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HP’s Future: Apple, IBM–or Dell?


HP logoOn Oct. 3, Hewlett-Packard CEO Meg Whitman will give analysts her strategy for restoring the battered tech giant. A close look at the company’s financials and its business suggests that it has the strengths to stay around for a long time. But years of boardroom drama have taken a heavy toll that make it difficult  for the company to return to industry leadership.

How does HP make its money? As the table below shows, more than half its revenues come from personal systems, primarily Windows desktops and laptops for consumers and businesses, and from imaging and printing, a line of business ranging from $50 inkjets to Indigo presses for commercial printing. Services, largely enterprise systems integration and outsourcing, contribute about 28%, and enterprise servers, storage, networking, and software most of the rest. The problem is simple: The companies HP wants to be most like are Apple on the consumer side and IBM for enterprise. But the company is that the company it currently most resembles is Dell.

 HP 2011 Performance by Sector

Net revenue Share of sales Earnings from operations Net margin Share of earnings
Personal Systems 39,574 30.4% 2,350 5.9% 15.1%
Services 35,954 27.6% 5,149 14.3% 33.1%
Imaging & Printing 25,783 19.8% 3,973 15.4% 25.6%
Enterprise Servers, Storage & Networking 22,241 17.1% 3,026 13.6% 19.5%
Software 3,217 2.5% 698 21.7% 4.5%
Financial services 3,596 2.8% 348 9.7% 2.2%
  Total from operations 130,365 100.0% 15,544 11.9% 100.0%

A SWOT analysis–strengths, weaknesses, opportunities, threats–is useful for assessing HP’s prospects.

Strengths: For all its recent problems, HP has the most important thing for a company in need of reinvention–a solid financial base. It remains nicely, if not spectacularly, profitable and has strong cash flow. It is the dominant player in its two largest sectors, PCs and printing. It has mastered supply-chain and channel management, It competes on a global scale and enjoys strong worldwide brand recognition.

Weaknesses: Unfortunately for HP, this is a much longer list. The overarching problem is a consequence of endless boardroom turmoil. Mark Hurd replaced a flailing Carly Fiorina. He dramatically improved execution, but at the expense of ruthless cost-cutting that trimmed muscle as well as fat. Hurd’s dramatic ouster was followed by the brief, disastrous tenure of Léo Apotheker. When Whitman was appointed, she took command of a disoriented and badly demoralized company, knocked between post and pillar by ever-changing top-level strategies. Given that, it’s a wonder that HP isn’t in worse shape than it is.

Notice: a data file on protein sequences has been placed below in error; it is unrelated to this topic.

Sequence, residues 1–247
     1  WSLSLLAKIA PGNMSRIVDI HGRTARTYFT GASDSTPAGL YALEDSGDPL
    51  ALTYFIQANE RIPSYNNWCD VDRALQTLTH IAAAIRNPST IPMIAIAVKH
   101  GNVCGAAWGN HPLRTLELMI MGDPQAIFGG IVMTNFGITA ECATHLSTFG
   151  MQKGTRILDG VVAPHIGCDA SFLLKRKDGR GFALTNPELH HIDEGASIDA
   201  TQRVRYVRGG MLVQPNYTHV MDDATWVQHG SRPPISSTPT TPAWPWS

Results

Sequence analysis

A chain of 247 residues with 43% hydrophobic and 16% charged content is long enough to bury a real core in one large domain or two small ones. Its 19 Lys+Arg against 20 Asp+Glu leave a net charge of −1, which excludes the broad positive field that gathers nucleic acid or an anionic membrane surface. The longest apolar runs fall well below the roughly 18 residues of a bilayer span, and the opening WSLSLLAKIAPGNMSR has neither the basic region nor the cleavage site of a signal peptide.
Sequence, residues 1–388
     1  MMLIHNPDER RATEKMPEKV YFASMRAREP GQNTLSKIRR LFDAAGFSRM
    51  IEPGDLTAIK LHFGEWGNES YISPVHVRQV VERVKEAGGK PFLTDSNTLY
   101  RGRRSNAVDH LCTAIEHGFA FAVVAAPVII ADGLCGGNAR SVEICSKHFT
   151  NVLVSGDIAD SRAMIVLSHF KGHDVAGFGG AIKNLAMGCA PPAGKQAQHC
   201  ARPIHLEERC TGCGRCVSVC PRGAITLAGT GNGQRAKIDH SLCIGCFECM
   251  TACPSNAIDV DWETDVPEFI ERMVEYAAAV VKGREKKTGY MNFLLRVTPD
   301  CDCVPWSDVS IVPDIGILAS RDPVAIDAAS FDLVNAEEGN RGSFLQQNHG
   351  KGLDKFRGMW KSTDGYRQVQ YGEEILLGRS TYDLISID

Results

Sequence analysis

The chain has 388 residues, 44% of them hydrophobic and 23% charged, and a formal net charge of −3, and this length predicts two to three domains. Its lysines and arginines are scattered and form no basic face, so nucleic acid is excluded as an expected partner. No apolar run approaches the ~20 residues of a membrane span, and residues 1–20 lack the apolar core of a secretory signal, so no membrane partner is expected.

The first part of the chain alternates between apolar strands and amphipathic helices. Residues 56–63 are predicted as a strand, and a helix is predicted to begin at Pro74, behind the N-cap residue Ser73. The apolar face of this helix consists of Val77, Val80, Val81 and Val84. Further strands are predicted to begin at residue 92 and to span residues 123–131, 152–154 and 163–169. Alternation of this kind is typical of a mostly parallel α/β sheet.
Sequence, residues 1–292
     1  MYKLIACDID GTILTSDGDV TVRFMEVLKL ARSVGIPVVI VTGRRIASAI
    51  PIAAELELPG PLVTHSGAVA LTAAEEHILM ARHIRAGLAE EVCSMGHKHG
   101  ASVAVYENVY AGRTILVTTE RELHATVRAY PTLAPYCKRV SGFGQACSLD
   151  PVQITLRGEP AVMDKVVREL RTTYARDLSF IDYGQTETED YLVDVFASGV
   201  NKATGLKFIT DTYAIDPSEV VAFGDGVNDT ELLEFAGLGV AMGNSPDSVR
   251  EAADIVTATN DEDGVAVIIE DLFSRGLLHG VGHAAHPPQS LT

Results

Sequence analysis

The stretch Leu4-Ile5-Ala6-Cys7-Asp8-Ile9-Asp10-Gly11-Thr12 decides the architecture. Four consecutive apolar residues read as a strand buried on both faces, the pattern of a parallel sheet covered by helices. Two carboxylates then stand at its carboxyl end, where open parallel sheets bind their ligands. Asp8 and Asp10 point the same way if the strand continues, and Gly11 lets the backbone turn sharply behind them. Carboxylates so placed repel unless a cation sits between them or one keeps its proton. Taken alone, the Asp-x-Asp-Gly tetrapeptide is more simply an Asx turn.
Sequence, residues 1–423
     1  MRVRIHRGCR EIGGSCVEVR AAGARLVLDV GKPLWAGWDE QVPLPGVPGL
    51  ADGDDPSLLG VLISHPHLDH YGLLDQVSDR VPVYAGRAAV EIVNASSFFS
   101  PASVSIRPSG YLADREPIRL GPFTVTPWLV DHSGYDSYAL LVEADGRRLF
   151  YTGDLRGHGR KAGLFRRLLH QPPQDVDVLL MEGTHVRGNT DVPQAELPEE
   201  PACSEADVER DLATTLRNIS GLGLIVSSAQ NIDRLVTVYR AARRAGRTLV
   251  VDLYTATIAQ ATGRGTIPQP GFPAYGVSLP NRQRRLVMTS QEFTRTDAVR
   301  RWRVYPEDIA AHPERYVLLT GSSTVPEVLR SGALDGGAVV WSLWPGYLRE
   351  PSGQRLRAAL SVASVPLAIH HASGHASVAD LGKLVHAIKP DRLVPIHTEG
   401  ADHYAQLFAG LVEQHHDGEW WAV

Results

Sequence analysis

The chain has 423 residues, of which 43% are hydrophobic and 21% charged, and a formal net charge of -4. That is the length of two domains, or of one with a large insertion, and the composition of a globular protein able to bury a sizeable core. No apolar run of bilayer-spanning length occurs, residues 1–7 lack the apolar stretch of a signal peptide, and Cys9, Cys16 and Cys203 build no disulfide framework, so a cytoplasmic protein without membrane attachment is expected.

Personal systems is #1 in many of its markets. According to Gartner, HP has been tops in worldwide unit PC volume for five straight years. It beat back a surging Acer, though it is now threatened by a rising Lenovo. The problem is that these are largely commodity markets in which HP’s products offer little differentiation and not a lot of profit. And the question facing the traditional PC business is not whether it will decline, but how quickly.

C0mpaq iPAQ (Wikipedia)The action is moving to phones and tablets, and HP is not yet a player in either market. HP was a leader in handheld devices in the pre-smartphone era. The Microsoft PocketPC-powered iPAQ, acquired when HP bought Compaq in 2001, was the most successful challenger to Palm in the PDA market. But unlike other PDAs, the iPAQ failed to evolve into a phone and HP was left behind.

HP’s 2010 purchase of Palm was supposed to solve two fundamental PSG problems: Its weakness in mobile and its total dependence on Microsoft for critical software. It was a bold plan, and PSG chief Todd Bradley talked bravely of a version of webOS that would run on Windows PCs to give a unified experience across PCs, phones, and tablets. Unfortunately,  Apotheker wanted to dump PSG, not invest in it. The webOS operation was tossed in a cell, starved, and ultimately taken out and shot, leaving HP without a dog in the increasingly important mobile fight.